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Waging Peace with Big Data and New Technologies

Chris Perry (International Peace Institute), Marie O'Reilly (International Peace Institute)
Data-Driven Business Beekman Parlor -- Sutton North
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If big data can be used to predict changes in consumer behavior, can it be used to predict whether rival factions will go to war? Big data analytics, data visualization, and new technologies help the private sector create value for shareholders and consumers. How can international actors, governments, and civil society work with the private sector to leverage these tools for the prevention of violence and conflict?

There has been incremental adoption of new technology and data science in managing violence and conflict. For instance, NGOs in Nairobi made use of crowdsourcing through SMS to track incidents of violence and fraud in the most recent Kenyan elections. Similar efforts in Sudan and South Sudan, however, have run into significant challenges presented by low-tech fragile environments. Further complicating matters, governments in the midst of popular uprisings have increasingly turned to shutting off internet access as a method to quell unrest, making many of the big data collection methods difficult.

Recent research by the International Peace Institute, supported by UNDP and USAID, developed a preliminary guide for applying big data and ICTs to conflict prevention. It throws the gauntlet for more effective partnerships between the public and private sectors—partnerships that must begin with a common understanding of both the challenges and possibilities.

In parallel, over the past year the International Peace Institute’s Data Lab has worked to demonstrate the uses of data science for conflict mapping and policy research. Join us as we examine some of the successes and failures of new technology in the field of peace and conflict and explore the prospects and challenges of adapting data science to policy research.

Photo of Chris Perry

Chris Perry

International Peace Institute

Chris joined IPI as a Policy Analyst with the Coping with Crisis team in July 2008. His current work deals with a range of international peace and security issues through the lens of multilateralism. His research focuses on applying data science to problems of sustainable development, conflict mediation and prevetion, and peacekeeping. His most recent work involved mining UN archival documents to create a database of UN Peacekeeping contributions over time, which can be used to test hypotheses regarding the motivations for contributing to UN peacekeeping missions.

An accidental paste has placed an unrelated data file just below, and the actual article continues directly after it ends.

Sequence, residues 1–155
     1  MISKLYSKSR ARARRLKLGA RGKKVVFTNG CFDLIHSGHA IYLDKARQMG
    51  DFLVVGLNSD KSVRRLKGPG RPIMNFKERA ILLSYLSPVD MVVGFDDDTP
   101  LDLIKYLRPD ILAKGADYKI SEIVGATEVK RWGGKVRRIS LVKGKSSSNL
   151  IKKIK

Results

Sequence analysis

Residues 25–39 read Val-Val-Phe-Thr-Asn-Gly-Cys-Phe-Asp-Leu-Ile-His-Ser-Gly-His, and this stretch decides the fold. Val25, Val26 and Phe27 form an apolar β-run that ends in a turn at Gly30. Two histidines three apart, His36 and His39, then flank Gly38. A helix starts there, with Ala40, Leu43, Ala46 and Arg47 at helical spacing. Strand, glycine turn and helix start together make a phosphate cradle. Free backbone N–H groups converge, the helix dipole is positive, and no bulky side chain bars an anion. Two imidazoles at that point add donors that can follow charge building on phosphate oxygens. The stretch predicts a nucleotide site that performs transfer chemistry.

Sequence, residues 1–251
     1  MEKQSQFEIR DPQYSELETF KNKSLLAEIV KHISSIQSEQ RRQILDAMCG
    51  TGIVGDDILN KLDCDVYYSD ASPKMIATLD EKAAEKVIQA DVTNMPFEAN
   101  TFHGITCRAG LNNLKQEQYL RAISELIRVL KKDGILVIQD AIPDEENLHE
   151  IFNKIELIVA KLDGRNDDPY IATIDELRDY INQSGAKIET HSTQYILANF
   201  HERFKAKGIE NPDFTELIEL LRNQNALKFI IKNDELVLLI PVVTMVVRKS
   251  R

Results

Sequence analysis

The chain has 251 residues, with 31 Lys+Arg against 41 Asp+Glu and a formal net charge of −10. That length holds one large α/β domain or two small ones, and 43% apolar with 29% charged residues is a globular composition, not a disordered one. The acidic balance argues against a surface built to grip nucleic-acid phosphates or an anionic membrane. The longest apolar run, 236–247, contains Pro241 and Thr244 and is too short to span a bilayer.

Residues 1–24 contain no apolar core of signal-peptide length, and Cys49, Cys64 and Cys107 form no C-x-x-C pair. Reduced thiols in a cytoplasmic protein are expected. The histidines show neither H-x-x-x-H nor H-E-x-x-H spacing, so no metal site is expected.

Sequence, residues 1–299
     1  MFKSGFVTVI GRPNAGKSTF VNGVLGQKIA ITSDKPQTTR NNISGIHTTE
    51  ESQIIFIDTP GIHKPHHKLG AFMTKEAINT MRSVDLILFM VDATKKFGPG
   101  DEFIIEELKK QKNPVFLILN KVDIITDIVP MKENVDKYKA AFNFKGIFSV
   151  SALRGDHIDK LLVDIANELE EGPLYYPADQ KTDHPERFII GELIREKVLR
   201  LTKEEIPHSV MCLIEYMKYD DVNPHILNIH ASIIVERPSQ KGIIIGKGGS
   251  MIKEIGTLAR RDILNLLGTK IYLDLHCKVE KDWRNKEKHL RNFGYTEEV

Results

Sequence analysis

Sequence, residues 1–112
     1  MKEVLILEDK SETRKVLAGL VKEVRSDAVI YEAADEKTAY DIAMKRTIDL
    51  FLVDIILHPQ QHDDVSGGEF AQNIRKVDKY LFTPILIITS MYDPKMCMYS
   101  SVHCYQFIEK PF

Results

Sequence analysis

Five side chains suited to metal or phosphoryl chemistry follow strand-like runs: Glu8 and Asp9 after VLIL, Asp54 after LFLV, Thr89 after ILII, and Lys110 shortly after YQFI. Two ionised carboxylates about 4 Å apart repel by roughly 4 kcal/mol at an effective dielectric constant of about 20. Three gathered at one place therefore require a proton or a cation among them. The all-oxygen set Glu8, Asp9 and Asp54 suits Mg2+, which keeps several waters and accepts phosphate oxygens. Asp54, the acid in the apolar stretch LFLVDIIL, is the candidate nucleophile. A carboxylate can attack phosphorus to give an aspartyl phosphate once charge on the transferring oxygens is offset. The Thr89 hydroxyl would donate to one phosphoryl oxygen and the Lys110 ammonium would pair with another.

Chris holds a master’s in public administration from the Daniel J. Evans School (University of Washington) with a concentration in international development policy and a BA in philosophy from the University of Washington.

Photo of Marie O'Reilly

Marie O'Reilly

International Peace Institute

Marie O’Reilly is the Associate Editor at the International Peace Institute (IPI) and a co-author of the IPI report New Technology and the Prevention of Violence and Conflict. Prior to joining IPI, Marie conducted research on the impact of natural resources on peacebuilding in South Sudan for the United Nations Department of Peacekeeping Operations and developed conflict-prevention strategies targeting youth for the United Nations Development Programme in Lebanon. She has also worked in management consulting with Accenture, on human rights and video advocacy with Witness, and on event planning and communications at the Center for International Studies and Research (CERI) in Paris.

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